Classes and Objects - JAVA: Easy Java Programming for Beginners, Your Step-By-Step Guide to Learning Java Programming (2015)

JAVA: Easy Java Programming for Beginners, Your Step-By-Step Guide to Learning Java Programming (2015)

Chapter 9. Classes and Objects

You have already been encountering Java classes and objects in the previous chapters of this eBook. At this point in time, you will gain more knowledge on the available class variables and objects that you can employ to achieve the desired results of why you are programming in a Java environment.


Acting as blueprints of a Java program, classes are templates that describe the characteristics of an element or method. Basically, they are generic elements in Java programming. They also help a programmer to understand the coding system of another programmer, making its structure clear. Classes exist in the program as long as they desire, meaning they do not have a lifespan.

The following is a list of possible class variables:

· Class - A class is a variable that needs to be declared before it enters a class, which can be found within any class and outside any method.

· Instance - Instance is a variable that remains within a particular class but is outside a method. However, it is accessible from any other method once declared.

· Local - A local is a variable that is defined inside any method in the program and requires initial declaration and acknowledgement. It is omitted after it has executed the command or function.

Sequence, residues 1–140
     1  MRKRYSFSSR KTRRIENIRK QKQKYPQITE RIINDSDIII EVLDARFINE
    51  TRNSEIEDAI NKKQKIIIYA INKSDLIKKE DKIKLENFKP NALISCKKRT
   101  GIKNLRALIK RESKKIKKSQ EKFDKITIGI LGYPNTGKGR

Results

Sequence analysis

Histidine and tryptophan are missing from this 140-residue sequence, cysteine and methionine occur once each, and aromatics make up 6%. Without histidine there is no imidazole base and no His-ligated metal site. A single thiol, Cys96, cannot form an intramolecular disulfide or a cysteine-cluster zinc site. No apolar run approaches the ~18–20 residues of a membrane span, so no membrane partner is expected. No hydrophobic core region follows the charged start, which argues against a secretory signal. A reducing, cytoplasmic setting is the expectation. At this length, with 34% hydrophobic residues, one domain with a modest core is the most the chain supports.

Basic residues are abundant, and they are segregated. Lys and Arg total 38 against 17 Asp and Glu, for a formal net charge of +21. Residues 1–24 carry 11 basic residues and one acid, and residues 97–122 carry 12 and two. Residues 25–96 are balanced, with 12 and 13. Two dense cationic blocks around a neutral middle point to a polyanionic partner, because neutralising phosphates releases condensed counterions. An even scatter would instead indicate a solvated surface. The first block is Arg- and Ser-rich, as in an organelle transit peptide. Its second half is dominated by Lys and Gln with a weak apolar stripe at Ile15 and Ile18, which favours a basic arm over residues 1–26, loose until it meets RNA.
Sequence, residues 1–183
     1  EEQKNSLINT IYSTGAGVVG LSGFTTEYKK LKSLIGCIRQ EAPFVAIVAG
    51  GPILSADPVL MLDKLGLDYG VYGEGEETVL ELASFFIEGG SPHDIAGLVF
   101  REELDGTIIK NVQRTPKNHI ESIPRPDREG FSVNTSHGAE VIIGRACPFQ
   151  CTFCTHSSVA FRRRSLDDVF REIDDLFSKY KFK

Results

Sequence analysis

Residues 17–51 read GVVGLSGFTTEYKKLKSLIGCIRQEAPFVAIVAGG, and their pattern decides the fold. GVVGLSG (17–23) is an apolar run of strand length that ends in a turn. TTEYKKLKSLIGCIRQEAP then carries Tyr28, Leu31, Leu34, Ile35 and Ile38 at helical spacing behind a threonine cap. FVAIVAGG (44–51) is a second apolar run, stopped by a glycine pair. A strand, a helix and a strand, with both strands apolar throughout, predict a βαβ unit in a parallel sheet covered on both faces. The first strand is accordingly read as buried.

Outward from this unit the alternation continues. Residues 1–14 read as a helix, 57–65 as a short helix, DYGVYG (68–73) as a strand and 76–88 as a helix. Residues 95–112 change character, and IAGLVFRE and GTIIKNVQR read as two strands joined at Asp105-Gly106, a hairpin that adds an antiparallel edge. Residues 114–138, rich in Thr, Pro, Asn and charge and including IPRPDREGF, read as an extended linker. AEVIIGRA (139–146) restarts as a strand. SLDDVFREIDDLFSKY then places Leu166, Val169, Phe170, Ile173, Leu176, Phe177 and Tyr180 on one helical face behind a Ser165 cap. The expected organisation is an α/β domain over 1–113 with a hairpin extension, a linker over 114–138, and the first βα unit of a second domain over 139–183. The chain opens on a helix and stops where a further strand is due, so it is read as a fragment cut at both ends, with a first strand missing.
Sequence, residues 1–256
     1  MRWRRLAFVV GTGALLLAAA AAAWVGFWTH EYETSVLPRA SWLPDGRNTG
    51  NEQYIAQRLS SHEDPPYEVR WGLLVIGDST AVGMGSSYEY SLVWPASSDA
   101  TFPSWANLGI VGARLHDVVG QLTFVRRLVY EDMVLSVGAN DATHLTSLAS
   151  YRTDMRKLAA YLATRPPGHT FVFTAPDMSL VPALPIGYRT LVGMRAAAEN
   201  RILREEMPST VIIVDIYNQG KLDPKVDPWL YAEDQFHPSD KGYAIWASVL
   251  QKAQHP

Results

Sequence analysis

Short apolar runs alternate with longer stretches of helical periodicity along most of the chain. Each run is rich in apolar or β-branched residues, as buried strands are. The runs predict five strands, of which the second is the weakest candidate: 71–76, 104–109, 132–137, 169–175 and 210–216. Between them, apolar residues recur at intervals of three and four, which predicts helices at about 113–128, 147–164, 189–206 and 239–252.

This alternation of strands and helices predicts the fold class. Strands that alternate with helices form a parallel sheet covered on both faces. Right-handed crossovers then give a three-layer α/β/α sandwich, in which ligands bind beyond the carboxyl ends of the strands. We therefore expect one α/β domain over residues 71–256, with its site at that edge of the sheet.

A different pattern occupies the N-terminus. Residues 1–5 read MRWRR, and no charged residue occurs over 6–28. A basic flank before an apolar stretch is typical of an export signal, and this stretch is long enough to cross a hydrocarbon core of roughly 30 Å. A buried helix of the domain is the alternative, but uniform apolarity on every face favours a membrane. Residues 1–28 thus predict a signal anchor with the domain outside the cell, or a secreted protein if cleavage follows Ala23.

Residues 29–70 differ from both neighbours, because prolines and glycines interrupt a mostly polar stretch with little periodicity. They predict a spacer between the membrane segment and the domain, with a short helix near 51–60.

Java objects are elements that possess behaviors and states. When elements are defined, they come with their own features that further adds value to a program component without having to include an extensive feature. These are what you call instances of classes. Because of the behaviors and states of objects, methods are executed successfully. Furthermore, a particular object is associated with a unique function or command so it will adhere to certain instructions. In contrast with a class, an object ceases to exist once the program has been executed.

One of the characteristics of object-oriented programming is organizing things and concepts. There are three object relationships that defines why elements should or should not be moved to another particular program component:

· Is-a Relationship – this means that a type of object is more specific than its fellows (number 1 is a number)

· Has-a relationship – this means that a type of object contains or is associated with another object (given number 1 and number 2: number 1 has a succeeding number, number 2)

· Uses-a relationship – this means that a type of object will be using another object as a program progresses (given number 1, number 2 and number 3: number 1 uses a number 2 to arrive at the sum of number 3)

It is important that you know how to work around with classes and objects when programming using the Java language since they are considered as the generic elements of the software. You have also learned how they are organized and their existing relationships with one another. For the last but not the least chapter, you will be given an idea on what constructors are all about.